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   Document Driving the Web Service

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Of course, anyone who has done this for long 
knows that the hard problem is that unless 
one is very high level (weakly referenced 
semantics), document types for negotiation 
vary wildly.   Each RFP includes terms and 
conditions which must be answered in detail 
and with exacting attention to the precise 
language of each request/response pair.  This 
is very much human-in-the-loop processing. 

Once we drop below the level of document type 
itself, local process controls may take over, 
but these are essentially workflow routing, 
recording responses, etc.  There is not 
enough for a web service to do. The UDDI or 
such can offer a set of high level categories, 
but the user must select an instrument/document, 
then determine its requirements for the 
process or request/response to follow. Once these 
phases are complete, selection and downselection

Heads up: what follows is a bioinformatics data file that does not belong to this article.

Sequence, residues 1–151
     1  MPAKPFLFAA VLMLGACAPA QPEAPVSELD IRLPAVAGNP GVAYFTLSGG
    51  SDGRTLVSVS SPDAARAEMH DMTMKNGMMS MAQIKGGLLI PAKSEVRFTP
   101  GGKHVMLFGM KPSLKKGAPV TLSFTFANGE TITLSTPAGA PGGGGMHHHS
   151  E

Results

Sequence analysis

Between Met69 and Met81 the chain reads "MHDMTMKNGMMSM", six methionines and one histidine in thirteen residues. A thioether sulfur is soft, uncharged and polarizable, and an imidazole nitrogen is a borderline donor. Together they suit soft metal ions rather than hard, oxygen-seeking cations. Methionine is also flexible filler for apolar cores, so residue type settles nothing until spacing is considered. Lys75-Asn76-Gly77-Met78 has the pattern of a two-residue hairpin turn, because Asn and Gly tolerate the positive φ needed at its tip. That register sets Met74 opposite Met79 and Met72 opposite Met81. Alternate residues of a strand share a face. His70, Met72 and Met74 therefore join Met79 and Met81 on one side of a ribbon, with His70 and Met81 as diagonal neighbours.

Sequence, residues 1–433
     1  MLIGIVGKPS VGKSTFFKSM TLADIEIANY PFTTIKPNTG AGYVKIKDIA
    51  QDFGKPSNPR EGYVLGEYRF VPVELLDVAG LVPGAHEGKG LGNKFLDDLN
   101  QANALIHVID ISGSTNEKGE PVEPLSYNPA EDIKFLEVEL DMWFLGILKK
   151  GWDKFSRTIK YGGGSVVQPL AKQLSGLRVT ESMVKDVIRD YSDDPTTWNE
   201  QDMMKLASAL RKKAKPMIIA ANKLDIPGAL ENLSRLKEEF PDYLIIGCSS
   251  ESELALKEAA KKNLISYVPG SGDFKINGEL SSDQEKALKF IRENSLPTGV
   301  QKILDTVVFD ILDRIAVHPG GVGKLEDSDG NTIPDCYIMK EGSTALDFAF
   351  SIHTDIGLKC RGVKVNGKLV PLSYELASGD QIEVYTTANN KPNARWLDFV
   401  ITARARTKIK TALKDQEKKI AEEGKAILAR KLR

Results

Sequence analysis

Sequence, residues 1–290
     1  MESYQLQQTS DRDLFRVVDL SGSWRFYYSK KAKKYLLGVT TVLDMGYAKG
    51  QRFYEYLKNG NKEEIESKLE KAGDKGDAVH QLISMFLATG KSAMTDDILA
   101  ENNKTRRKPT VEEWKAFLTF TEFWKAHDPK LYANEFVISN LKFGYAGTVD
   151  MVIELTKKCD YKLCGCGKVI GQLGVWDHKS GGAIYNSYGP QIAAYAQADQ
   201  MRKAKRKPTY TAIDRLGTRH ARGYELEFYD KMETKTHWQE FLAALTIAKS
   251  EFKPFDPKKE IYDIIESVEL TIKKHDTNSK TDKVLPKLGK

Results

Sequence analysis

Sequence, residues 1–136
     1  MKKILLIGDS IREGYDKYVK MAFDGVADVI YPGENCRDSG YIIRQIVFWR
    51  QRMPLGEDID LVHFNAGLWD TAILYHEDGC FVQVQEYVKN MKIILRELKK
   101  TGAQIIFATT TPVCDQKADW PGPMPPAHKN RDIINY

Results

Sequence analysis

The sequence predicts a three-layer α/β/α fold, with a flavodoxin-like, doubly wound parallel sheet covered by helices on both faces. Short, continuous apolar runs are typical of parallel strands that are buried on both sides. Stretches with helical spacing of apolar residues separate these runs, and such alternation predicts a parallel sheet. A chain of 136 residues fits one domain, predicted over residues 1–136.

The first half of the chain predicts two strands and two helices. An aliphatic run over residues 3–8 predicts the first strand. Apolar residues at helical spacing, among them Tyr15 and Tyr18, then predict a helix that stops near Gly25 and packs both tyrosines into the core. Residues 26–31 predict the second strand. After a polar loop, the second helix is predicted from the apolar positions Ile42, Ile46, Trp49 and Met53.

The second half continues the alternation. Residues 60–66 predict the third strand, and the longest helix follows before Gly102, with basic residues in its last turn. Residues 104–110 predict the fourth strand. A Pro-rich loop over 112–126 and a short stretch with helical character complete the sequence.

begins resulting hopefully in the so-called, 
"shortlist" that starts a best and final offer 
process.  When the award is announced, this 
does not mean product is proffered, but that 
another round of negotiation, the contracting 
process begins.

Some businesses can do business at these levels 
of complex processing, and some can't or don't. 
Environmentally, organizationally, and finally 
personally, there are wildly varying document 
types that might be applied.   So while it 
is systemically easy to say that web services 
offers solutions, or that REST is appropriate 
for this, the tasks that can be reasonably 
standardized after discovery (qualification 
and selection), are not that many.  



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